Sonic the Hedgehog #246 (April 2013)

     Yardley!/Herms cover: a very dramatic, very effective close-up of Knuckles and Thrash locked in mortal combat, back-lit by an errant bolt of lightning. Very striking, very well done.

     So why why why why WHY did they feel the need to have a footer featuring Sonic and Tails with the former making a stupid joke? It’s a great cover ruined by an inappropriate, not to mention superfluous, element. It reminds me of nothing so much as Peter Griffin ripping an ill-timed fart on “Family Guy.” Seriously, what the hell were they thinking when they put this together?



     “Endangered Species Finale: One of a Kind”

     Story: Ian Flynn; Art: Steven Butler; Ink: Terry Austin; Color: Matt Herms; Lettering: John E. Workman; Assistant Editor: Vincent Lovallo; Editor: Paul Kaminski; Editor-in-Chief: Victor Gorelick; Devil Dog Walker: Mike Pellerito; Sega Licensing reps: Anthony Gaccione and Cindy Chau.


     Sonic, as you’ll recall, has just had his blue butt saved by Shard who shows up unannounced to recycle KrudKnux. In a plot twist straight out of Pavlov, Sonic, Tails and Amy see a metallic Sonic and go right into attack mode. While Shard is all “Excuse me for saving your quills,” KrudKnux pulls itself back together and captures the gang. He then goes all Borg and tells Shard “You will be assimilated.” He doesn’t say anything to Sonic and the other orgos because, let’s face it, what’s the point of threatening the heroes? Shard then tells Sonic “The enemy of your enemy is … this guy, so you think you can dial back the hostility?” The two then go drag racing, dragging KrudKnux behind them. As for Amy and Tails, they have to justify their existence in this story so Tails starts having a canid-to-canid conversation with the devil dogs.

     But it’s been four pages since this story started and there needs to be some ass-kicking to please Editorial if not the pre-ado boy segment of the readership. So we cut to Downunda and the Knuckles vs. Thrash main event as they warp into town. But when Knuckles tosses Thrash through a house wall we discover that maybe Thrash was telling a little white one with the line about his being the last of his kind, though Granny Taz looks to be close to her expiration date. Anyway, Thrash brings out his gimmick long enough to get a head start and warp out of there with Knuckles close behind. Well, that killed two pages.

     “Meanwhile” (like we couldn’t have figured it out for ourselves), we arrive near the end of Sonic’s interview with Shard, who continues to play it coy about his provenance. The most he lets himself say is that Uncle Chuck is involved. That appears to be good enough for Sonic so they head off to rejoin Tails and Amy Rose. When they get there, KrudKnux barely begins to get into brag mode when Tails initiates his plan: have the devil dogs attack KrudKnux. I’m surprised it worked that easily, since I know so few vegetarian canines. If Krudzu had been made out of bacon, we’d have a whole new story.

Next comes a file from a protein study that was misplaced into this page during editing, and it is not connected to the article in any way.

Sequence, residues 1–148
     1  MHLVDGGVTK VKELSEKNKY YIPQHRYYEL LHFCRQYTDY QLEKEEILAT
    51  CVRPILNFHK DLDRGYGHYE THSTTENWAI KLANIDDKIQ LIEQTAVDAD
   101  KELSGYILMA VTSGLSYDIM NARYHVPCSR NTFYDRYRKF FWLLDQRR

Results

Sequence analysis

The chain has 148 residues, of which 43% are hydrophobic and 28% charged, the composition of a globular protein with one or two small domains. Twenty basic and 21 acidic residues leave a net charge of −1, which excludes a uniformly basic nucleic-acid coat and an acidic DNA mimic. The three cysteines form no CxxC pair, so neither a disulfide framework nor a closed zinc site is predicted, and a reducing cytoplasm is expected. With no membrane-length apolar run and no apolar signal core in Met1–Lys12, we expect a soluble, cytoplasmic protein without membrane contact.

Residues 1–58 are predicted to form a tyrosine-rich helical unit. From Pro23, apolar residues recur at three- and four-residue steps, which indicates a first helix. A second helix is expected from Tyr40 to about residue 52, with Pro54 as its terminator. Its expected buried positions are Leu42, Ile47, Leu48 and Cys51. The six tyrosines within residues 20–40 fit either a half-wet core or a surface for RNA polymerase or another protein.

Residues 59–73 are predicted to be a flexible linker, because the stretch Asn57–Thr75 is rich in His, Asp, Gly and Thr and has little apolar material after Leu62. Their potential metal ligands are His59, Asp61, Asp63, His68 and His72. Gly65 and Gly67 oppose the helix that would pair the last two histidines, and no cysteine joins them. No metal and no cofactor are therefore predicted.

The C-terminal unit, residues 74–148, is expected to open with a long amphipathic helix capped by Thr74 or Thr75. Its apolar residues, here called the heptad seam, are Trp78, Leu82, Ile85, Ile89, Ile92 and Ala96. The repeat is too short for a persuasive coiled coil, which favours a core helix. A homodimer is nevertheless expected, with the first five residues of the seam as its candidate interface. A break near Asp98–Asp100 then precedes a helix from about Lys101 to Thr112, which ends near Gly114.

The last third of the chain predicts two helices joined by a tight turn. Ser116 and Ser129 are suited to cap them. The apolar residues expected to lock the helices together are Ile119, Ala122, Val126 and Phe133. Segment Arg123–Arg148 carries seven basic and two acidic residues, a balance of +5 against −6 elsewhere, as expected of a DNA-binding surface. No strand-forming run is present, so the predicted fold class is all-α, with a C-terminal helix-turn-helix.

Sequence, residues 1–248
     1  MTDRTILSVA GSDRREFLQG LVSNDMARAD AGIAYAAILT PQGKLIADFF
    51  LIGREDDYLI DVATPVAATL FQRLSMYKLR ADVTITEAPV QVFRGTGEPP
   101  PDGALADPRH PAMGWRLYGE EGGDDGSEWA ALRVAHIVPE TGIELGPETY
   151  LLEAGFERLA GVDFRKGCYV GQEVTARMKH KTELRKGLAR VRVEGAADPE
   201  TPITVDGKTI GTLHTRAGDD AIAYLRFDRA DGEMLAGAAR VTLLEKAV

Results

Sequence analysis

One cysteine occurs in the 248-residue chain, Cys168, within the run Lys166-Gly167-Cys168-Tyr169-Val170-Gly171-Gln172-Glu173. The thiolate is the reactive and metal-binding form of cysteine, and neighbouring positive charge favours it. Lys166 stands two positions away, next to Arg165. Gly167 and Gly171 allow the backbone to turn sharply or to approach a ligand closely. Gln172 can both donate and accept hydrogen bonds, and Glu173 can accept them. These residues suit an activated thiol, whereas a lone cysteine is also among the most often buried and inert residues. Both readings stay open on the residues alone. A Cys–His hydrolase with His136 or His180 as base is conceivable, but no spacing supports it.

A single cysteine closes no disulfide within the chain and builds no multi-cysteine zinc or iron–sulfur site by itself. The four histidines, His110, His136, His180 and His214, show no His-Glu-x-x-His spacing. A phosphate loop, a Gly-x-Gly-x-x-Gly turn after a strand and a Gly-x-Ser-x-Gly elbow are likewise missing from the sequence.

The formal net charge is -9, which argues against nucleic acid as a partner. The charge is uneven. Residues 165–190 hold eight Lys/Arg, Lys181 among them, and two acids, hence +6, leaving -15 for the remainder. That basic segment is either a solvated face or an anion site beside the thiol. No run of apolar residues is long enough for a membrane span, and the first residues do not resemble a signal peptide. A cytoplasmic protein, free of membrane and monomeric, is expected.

There follows two-and-a-half pages of Knuckles and Thrash engaged in additional ass-kicking before they warp to Angel Island and the Emerald shrine. Thrash manages to take a header through the warp ring but when Knuckles catches up to it and tries to follow, he gets a “CARRIER LOST” message for his trouble. There follows just about a full page of mindless chatter from the Chaotix as they happen to roll in. Knuckles finally boils over and tries to put his fist through the island, which gets the attention of the rest of the Chaotix.

     KrudKnux isn’t finished yet, so Sonic, Amy, Tails, and Shard all take a swing at him and reduce him to a miniature version of Audrey II from “Little Shop of Horrors.” Shard then suggests he take the Krudzu into custody, have Uncle Chuck rework its DNA, and use it to deroboticize Sally. Sonic admits that they hadn’t figured out what to do with Sally once they catch up with her, and given Krudzu’s attitude I think they’re asking for trouble, but Tails settles for “It’s so crazy it just might work.” Amy Rose is reduced to feeling sorry for the echidnas and Knuckles, and Sonic tries to comfort her as a demonstration that he’s learned something in his time spent with Sally. As Shard heads back to base and the rest resume their slow-speed chase of the Death Egg, Silver makes a discovery that probably won’t make much difference but does constitute a cliffhanger.



     HEAD: Ever since S20’s “Deadliest of the Species: Prologue” where Mike Kanterovich and Ken Penders showed Sally planting an explosive device and trying to get away accompanied only by the tick-tick-tick of the timer (a silent counting-down digital display would probably serve the purpose in these higher-tech times), I have been sensitized to the amount of talk there is in a comic book, much of it useless. Talk during fight scenes are especially aggravating; if the characters are really fighting and putting some effort into it, they shouldn’t have the breath to make idle conversation, let alone witty quips.

     So I was impressed that Ian Flynn finally got around to proving in a big way that he gets paid by the page and not by the word. There was really nothing that could have been said between Knuckles and Thrash as they fought on. And on and on.

     The downside of the Knuckles vs. Thrash brawl was that it was a bit too much. OK, they’re fighting, OK, they’re mad at each other with good reason. Unfortunately it went on for so long it began to feel interminable, like the heavy-handed racial allegory of “Let That Be Your Last Battlefield” from the original “Star Trek.” Ian and Steven try to juice up the fight, which never really had the momentum shift from one fighter to the other, by shifting locales from Downunda-Tasmania (the real Tasmania is an island off the Australian coast) to the snowy wastes of Acropolis to the Floating Island, but it isn’t enough to inject any interest. And the fight ends with Thrash warping out of there, so Knuckles wins in a decision rather than by a knockout, technical or otherwise.